Life Fitness: Essential brand, 2003 - SNEWS

Life Fitness: Essential brand, 2003

In the next two months, retailers across the country will be stocking up with a new Life Fitness brand -- Essential.

In the next two months, retailers across the country will be stocking up with a new Life Fitness brand. Mind you, this is not a line of new treadmills or ellipticals or home gyms, but a new brand that will not even remotely give a consumer a clue anywhere you look on the product that there is a relationship to fitness equipment behemoth Life Fitness.

The "Essential" brand will be carried by Life Fitness retailers, rolling out this month with four bikes -- two upright and two recumbent -- with a cross-trainer and two treadmills to come in January. But don't be confused when you also see a "Life Fitness Sport" label at Omni Fitness outlets, the chain owned by Life Fitness parent Brunswick Corp. Life Fitness Sport is exactly the same product from shroud to seat, including prices -- except the name will be different in the Omni stores.

Both Essential and Sport lines will retail at lower prices than the regular Life Fitness product, completing the company's line to now include what it calls the "good" category as compared to the "better" or "best" categories of equipment. That also means the company will be attempting with this product to make sales at lower prices that it has normally in the past lost.

"Not everybody who walks in is able to spend the necessary amount to reach the quality of the Life Fitness brand," LF President Kevin Grodzki told SNEWS. "At the end of the day, let's face it, when a customer walked out with a competing product, we didn't get anything out of that."

The prices will be in the low-middle rung for specialty retailers, a "value product," according to Chris Clawson, LF vice president of consumer sales. That means the new upright bikes appearing later this month will be $900 and $1,400, and the recumbent bikes will be $1,200 and $1,800. Product appearing in January will be a cross-trainer (the company's version of an elliptical) for $1,900, and two treadmills, $1,600 and $1,800.

"These would be the Toyota to Life Fitness' Lexus," Clawson said. The product is still not entry-level or aimed at the cheaper lines sold by some sporting goods dealers, but will still compete with the likes of Vision Fitness, Schwinn and SportsArt America, Clawson said. But the company is not targeting the competitors, he said, but rather the price point.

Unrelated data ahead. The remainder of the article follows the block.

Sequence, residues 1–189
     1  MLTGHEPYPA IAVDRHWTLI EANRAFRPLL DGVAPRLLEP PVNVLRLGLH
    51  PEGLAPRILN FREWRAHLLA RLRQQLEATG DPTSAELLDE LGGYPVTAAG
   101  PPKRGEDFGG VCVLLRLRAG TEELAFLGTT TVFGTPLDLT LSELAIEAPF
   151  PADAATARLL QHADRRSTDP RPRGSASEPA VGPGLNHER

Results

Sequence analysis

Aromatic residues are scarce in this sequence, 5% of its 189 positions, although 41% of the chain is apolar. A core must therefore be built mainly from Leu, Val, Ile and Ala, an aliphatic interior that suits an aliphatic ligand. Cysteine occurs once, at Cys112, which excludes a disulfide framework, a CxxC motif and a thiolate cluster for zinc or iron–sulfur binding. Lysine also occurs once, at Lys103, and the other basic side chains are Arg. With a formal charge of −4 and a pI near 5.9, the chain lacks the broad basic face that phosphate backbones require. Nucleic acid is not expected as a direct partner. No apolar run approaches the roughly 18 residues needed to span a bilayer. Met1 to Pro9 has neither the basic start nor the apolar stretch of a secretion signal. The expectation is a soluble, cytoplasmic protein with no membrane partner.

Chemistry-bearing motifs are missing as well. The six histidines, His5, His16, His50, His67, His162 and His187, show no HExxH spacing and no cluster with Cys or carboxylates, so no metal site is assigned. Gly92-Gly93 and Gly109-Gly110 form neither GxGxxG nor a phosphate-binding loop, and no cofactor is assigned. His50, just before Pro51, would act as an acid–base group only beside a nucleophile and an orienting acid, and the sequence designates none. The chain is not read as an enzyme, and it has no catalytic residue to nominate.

Life is designing the product in the United States to Life Fitness standards, but manufacturing it in China to be able to get to these prices, Grodzki said. This is the first time in nearly six years the company has done any manufacturing in Asia, Clawson said.

"This has given us the unique ability to design products here," he said, "but not be burdened with U.S.-based manufacturing."

Although a separate brand, the company does not plan any separate promotions or marketing except at point-of-purchase, Grodzki said.

Why two names for the same equipment? Clawson and Grodzki said that was a decision made mostly by its retailers. Representatives of top retailers saw prototypes of the new product in August at a private meeting at the Health & Fitness Business Expo in Denver. Omni Fitness said it wanted the equipment but with the Life Fitness branding because Omni is related to Life Fitness and it wanted the connection. Other retailers wanted to differentiate the line in their shops from what Omni would carry. Retailer territories do not overlap.

The product literally will not share anything with Life Fitness product, Clawson said, from colors, to type of seats, design of consoles, logo and shapes, although he insists the company has not sacrificed biomechanics or safe and comfortable use. "It just doesn't look like Life Fitness and that was part of the program," he said.

This step into lower prices is one more notch for the company as it expands to cover more categories and price points.


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